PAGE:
The primary elections for California will be June 7, 2016, so the time is coming for citizens associated with the Democratic Party to choose between Hillary Clinton and Bernie Sanders. Many Democratic voters in California are still undecided, so it is becoming increasingly important to question our values and the values we wish to be…
The Fossil Free Divestment movement at Stanford has gained traction in national media this week. Student protesters pledge to occupy the main administration building until Stanford divests not only from coal, but also all fossil fuels such as oil and natural gas as well. However, the real power of divestment lies not in its ability to curb emissions, but rather in encouraging broad engagement to create a more inclusive climate change dialogue.
The idea that an individual is responsible for his or her actions is something that we accept everyday without questioning. Indeed, the notion of individual responsibility is what underpins our legal and law enforcement systems, what drives our notions of fairness, and what justifies our criticisms of individuals who we believe have failed. However, if we instead believe that, as humans, we actually have little to no individual control over the actions we “choose” to make, then the basis of our belief in individual responsibility becomes null.
Ask almost any student group on campus and they will tell you the same thing: “SAL [Student Activities & Leadership] is suffocating us.” SAL has been enforcing recent changes to the guidelines for student organizations that have been diluting the value of the Stanford student life experience and contributing to a decline in program quality.
Activism and activist groups have an important role to play at universities: they push the envelope on important and contentious issues, from sexual assault to racial equality, when institutions and cultures are slow to change. By the very nature of challenging the status quo, activism is bound to create critics, skeptics, and reactionaries.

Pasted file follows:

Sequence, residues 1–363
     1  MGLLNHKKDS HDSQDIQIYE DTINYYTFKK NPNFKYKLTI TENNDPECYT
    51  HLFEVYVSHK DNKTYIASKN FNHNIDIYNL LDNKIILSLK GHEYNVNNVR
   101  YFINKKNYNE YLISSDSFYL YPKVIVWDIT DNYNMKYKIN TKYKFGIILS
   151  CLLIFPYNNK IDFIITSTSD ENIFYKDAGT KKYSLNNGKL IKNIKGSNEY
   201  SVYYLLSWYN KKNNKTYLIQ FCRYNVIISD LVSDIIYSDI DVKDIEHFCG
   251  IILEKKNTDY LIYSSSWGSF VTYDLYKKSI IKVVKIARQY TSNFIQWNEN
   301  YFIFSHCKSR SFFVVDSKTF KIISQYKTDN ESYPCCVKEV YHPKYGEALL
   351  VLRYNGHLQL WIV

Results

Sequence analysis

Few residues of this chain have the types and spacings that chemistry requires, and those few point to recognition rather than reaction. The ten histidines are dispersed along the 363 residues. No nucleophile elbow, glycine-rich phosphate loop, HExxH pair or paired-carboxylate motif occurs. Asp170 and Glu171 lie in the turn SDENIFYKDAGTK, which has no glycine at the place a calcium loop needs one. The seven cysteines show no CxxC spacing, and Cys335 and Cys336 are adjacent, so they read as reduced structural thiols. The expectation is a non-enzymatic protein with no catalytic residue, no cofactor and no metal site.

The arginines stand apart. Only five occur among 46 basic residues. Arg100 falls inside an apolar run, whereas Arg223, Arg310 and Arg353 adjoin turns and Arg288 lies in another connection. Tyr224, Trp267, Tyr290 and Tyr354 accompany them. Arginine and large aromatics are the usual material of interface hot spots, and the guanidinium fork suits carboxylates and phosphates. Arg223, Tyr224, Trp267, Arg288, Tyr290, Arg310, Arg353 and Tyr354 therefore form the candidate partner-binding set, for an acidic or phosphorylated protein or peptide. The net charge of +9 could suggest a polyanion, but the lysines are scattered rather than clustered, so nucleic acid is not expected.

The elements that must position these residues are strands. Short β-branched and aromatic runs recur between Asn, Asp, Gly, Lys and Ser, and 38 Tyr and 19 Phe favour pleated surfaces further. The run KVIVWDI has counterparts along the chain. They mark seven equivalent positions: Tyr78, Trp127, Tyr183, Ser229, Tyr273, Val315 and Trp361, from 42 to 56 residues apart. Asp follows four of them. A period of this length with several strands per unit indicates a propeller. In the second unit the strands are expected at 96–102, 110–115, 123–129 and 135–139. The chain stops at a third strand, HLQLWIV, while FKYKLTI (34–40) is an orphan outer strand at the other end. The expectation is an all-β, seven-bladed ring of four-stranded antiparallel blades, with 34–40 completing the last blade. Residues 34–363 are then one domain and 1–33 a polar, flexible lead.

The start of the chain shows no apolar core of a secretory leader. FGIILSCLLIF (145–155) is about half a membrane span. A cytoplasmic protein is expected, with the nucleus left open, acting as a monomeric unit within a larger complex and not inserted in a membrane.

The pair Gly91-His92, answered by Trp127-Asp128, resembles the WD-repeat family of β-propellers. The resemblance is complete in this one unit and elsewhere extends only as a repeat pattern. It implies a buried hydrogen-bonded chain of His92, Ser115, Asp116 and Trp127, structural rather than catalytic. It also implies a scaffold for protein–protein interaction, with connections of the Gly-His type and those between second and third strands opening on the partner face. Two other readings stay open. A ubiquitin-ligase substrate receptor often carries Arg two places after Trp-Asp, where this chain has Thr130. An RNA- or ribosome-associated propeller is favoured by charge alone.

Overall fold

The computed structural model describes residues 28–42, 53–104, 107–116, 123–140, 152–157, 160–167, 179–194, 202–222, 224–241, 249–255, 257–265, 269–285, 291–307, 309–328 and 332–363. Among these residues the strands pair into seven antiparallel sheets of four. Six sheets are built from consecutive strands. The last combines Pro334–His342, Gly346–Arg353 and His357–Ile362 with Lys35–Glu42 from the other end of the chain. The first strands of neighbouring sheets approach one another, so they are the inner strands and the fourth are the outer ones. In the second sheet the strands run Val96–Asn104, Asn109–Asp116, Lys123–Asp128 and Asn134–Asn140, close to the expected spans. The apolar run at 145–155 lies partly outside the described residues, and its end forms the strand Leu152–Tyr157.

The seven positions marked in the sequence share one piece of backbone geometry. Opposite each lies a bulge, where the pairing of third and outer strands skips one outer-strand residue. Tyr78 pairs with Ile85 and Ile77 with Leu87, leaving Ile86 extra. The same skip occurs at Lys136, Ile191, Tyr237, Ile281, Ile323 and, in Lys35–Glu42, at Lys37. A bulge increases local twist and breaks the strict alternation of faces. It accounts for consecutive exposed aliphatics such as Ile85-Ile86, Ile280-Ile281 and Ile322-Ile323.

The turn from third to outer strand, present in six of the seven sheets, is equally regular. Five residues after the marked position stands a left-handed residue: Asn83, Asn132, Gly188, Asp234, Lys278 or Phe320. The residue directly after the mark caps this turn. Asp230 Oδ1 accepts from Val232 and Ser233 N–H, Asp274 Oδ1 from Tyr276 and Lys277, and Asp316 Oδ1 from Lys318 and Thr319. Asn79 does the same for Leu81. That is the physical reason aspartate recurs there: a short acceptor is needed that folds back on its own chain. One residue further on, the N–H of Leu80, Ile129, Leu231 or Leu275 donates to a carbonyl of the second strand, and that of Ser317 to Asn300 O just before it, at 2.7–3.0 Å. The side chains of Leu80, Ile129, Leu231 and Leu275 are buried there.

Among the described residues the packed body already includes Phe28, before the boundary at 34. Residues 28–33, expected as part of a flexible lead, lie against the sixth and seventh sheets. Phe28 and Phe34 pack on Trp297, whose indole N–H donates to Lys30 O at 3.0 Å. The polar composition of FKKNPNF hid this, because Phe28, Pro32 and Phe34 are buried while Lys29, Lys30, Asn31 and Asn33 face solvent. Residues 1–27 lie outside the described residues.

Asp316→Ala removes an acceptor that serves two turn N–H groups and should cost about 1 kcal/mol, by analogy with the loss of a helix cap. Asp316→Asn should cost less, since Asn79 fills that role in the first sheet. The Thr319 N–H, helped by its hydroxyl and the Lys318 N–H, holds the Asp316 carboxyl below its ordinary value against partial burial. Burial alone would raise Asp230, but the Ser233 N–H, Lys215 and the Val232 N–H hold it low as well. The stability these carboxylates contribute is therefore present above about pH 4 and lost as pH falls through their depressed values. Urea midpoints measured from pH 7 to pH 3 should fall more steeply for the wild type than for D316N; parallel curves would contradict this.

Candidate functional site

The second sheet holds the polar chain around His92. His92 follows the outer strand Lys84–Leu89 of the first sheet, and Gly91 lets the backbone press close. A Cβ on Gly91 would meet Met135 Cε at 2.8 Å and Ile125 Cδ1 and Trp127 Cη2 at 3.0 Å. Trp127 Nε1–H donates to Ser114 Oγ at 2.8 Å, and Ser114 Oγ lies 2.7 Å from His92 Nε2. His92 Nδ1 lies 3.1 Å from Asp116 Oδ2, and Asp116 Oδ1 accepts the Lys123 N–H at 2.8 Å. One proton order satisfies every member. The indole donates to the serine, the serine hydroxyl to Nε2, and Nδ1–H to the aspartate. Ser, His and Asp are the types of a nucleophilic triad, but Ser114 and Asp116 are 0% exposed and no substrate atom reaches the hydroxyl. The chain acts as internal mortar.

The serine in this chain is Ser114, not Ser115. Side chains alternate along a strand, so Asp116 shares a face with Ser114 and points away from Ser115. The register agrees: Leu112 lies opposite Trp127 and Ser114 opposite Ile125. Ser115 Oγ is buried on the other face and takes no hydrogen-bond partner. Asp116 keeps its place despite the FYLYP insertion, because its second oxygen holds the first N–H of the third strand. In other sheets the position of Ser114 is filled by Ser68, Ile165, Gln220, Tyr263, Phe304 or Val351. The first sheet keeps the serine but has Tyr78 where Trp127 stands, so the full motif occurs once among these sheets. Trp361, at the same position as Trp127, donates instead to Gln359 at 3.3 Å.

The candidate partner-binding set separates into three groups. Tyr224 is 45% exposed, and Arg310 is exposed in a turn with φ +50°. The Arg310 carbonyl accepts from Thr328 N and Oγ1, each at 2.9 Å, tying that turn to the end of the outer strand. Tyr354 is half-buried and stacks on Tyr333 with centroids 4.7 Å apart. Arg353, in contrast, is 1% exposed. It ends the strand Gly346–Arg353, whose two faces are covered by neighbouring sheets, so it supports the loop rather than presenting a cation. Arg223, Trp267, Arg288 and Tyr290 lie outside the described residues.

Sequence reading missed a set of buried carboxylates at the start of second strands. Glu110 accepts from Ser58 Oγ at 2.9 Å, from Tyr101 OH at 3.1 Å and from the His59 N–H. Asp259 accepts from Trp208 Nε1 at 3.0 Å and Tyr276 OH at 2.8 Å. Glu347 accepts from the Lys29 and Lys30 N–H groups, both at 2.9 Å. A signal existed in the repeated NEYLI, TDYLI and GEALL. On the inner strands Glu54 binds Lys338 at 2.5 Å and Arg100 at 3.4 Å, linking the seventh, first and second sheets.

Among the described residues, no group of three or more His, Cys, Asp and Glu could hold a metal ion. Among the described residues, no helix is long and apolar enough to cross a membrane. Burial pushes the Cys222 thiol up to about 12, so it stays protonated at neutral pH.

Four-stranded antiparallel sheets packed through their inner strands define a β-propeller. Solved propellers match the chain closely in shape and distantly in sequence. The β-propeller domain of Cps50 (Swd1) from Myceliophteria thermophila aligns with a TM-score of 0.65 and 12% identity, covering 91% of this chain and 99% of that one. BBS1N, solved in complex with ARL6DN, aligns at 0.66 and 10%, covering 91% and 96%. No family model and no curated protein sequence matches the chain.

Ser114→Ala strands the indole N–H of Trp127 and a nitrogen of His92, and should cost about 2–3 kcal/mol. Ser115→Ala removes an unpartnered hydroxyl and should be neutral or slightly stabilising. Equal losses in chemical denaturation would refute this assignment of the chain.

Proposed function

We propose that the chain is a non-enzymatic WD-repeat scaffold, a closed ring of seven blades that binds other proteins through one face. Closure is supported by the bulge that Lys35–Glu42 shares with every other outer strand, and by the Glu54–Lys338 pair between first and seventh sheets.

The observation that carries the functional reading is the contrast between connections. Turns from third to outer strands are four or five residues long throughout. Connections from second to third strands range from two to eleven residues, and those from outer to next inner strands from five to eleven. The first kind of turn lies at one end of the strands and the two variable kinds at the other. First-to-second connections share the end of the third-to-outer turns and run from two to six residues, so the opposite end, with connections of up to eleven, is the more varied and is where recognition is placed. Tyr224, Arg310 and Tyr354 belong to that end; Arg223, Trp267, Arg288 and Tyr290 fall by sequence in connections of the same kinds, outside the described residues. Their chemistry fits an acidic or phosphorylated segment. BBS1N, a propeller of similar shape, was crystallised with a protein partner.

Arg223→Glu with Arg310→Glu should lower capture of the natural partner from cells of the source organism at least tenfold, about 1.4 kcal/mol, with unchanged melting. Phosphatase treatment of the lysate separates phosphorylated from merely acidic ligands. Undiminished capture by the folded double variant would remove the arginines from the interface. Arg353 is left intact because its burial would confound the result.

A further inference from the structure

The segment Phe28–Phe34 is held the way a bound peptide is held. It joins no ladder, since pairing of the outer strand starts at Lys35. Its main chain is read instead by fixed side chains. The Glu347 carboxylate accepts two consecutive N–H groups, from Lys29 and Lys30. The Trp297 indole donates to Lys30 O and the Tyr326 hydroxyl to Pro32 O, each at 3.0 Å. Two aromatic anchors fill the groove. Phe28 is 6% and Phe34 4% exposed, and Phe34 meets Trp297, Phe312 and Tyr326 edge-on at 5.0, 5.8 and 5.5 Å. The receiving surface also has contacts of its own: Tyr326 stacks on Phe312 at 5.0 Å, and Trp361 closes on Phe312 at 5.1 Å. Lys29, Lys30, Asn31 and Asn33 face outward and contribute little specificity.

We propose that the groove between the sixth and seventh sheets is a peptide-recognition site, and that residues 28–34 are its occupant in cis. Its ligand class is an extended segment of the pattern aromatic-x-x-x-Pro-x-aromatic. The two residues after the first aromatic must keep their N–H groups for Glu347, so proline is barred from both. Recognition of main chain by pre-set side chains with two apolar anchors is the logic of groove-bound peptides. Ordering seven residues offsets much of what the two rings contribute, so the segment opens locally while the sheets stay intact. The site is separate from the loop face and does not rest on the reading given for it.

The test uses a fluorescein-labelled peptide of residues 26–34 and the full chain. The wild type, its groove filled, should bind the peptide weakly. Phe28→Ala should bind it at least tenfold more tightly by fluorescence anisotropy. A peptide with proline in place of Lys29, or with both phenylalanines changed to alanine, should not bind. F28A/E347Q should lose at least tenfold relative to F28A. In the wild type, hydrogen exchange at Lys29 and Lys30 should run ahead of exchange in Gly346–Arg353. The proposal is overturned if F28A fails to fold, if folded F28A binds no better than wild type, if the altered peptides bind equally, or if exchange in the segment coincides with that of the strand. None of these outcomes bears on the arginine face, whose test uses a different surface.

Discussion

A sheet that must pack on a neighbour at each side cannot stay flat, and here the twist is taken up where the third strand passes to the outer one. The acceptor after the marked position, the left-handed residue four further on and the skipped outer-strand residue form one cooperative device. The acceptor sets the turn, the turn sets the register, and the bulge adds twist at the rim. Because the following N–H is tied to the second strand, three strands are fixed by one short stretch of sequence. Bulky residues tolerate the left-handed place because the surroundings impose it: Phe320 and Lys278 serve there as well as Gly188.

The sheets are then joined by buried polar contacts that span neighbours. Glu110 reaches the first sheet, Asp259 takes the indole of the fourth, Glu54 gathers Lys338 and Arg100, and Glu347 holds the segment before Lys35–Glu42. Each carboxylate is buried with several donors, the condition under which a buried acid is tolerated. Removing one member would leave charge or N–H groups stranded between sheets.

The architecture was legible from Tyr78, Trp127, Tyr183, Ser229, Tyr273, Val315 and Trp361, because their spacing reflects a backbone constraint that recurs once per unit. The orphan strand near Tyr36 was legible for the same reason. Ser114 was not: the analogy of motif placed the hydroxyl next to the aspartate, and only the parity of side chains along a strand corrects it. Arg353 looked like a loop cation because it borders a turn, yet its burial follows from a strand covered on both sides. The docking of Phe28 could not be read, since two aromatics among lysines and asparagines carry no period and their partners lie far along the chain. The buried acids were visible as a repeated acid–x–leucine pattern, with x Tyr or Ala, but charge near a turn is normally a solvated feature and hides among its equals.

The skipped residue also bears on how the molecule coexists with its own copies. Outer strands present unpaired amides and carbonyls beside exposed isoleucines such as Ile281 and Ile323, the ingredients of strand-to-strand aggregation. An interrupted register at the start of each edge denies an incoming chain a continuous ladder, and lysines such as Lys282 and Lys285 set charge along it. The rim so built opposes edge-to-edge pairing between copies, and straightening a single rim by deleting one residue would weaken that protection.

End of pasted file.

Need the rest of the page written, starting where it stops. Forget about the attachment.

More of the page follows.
As students plan their careers to make a social impact, they should consider whether or not getting rich and making charitable donations is the most effective way to make social change.
Ebonics is an instance of how cultural norms and beliefs have been shaped in America to devalue black bodies and black lives. Shedding light on this topic is crucial because, as the nation continues to mobilize around racial politics, it should also acknowledge and support black and minority cultural pride efforts to resist this colonial mindset.
My intention is not condemn those who donate to disaster relief. Rather, in addition to donating to disaster relief, I hope to convince individuals to donate to address systemic causes of death as well, such as poverty.
It is time for the residents of Palo Alto to take ownership of the future development of their community. We should no longer cower behind the idea that gentrification is a “natural” and “inevitable” market force. Doing so denies our collective agency in changing the situation.
Something needs to be done to correct the harmful gender relations ongoing in Greek organizations. The very fact that Greek life, by definition, is based on a system of segregation of the sexes creates an us-them mentality that allows for sexual objectification, violence, and acceptance of set gendered roles. As a result, a dismantling or, at least, integration of the Greek system may be necessary to overcome the problems in gender relations.
Student debt is transforming higher education from an avenue of self-exploration and academic inquiry to a vocational school designed to increase employability. To rectify this situation, we need to restore the affordability and equalize the quality of universities in America.
It would be naïve to believe that doctors and professional groups are not motivated by self-interest. If we truly want care that produces the best outcomes for patients and society, we need to restructure the incentive systems that doctors and professional organizations face.